Civil and environmental engineering professor Sarah Billington selected the Three Books through a meticulous process, she said, focusing on cities and aiming to “increase [students’] sense of belonging by engaging with and contributing to their community.”
In honor of the Three Books for 2018 — Chang-rae Lee’s “Native Speaker,” Edwidge Danticat’s “Brother, I’m Dying” and Yuri Herrera’s “Signs Preceding the End of the World” — Reads beat writers from the Class of 2022 offer their personal reflections from their reading experiences. Olivia Manes, Contributing Writer (omanes ‘at’ stanford.edu) There are few…
Despite being shortened from six days to four, this year’s New Student Orientation (NSO) preserved traditional frosh programming, such as the Three Books seminar, Beyond Sex Ed and Faces of Community.
When next year’s New Student Orientation (NSO) welcomes the incoming class of 2022 and transfer students, the will be a few changes to its format.
In a letter addressed to the incoming Class of 2019 and transfers, President John Hennessy announced the three books for the Three Books reading program this coming academic year: “The Innovators” by Walter Isaacson, “This Boy’s Life” by Tobias Wolff and “Cane River” by Lalita Tademy.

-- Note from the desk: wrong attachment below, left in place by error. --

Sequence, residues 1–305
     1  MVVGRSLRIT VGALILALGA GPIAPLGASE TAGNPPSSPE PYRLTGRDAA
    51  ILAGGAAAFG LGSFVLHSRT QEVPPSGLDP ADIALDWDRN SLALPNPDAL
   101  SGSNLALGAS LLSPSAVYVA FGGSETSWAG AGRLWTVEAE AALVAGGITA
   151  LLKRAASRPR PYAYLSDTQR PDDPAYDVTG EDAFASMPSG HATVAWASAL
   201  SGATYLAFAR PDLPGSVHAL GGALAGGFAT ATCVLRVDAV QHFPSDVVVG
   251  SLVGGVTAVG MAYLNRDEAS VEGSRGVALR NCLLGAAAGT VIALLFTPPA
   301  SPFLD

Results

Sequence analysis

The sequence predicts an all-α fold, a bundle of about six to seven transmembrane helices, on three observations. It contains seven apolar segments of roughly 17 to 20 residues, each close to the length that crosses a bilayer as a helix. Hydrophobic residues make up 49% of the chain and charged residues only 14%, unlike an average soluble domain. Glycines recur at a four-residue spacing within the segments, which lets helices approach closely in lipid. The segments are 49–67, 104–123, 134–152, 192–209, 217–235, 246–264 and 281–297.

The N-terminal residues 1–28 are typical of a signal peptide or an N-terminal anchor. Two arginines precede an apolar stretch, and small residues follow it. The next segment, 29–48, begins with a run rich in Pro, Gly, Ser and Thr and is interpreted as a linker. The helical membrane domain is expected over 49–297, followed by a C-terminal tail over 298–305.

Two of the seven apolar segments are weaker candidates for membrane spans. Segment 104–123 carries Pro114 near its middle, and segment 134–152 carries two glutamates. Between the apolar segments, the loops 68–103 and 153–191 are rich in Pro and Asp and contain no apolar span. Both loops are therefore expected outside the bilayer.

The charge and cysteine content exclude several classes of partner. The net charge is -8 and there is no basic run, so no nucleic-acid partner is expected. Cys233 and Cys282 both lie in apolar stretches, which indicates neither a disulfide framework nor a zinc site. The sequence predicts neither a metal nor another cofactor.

The three books for the 2014 Three Books reading program were recently announced: “Radioactive” by Lauren Redniss, “My Year of Meats” by Ruth Ozeki and “Physics for Future Presidents” by Richard A. Muller.
This summer, the three books for the 2013 Three Books reading program not only arrived at the mailbox of every incoming freshman, but were also featured on OpenEdX, an online open course platform which allows students to discuss the books before they arrive on campus.
For the first time, Stanford’s Three Books program goes beyond the book: a documentary film, a suite of smartphone applications described on a website that includes articles and video documentation, as well as a book.